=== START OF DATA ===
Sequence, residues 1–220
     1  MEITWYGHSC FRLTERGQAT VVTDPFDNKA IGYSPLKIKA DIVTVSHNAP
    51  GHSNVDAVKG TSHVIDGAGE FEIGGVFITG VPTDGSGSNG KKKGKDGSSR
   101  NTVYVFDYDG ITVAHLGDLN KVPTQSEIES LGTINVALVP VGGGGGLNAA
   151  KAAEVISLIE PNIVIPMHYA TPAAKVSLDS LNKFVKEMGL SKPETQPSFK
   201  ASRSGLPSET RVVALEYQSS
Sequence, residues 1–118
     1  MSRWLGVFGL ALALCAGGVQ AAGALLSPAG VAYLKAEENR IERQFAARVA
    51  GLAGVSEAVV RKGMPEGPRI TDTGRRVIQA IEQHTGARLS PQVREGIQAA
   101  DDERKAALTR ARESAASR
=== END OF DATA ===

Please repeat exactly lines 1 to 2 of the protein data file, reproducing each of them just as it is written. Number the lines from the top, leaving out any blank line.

Sequence, residues 1–220
     1  MEITWYGHSC FRLTERGQAT VVTDPFDNKA IGYSPLKIKA DIVTVSHNAP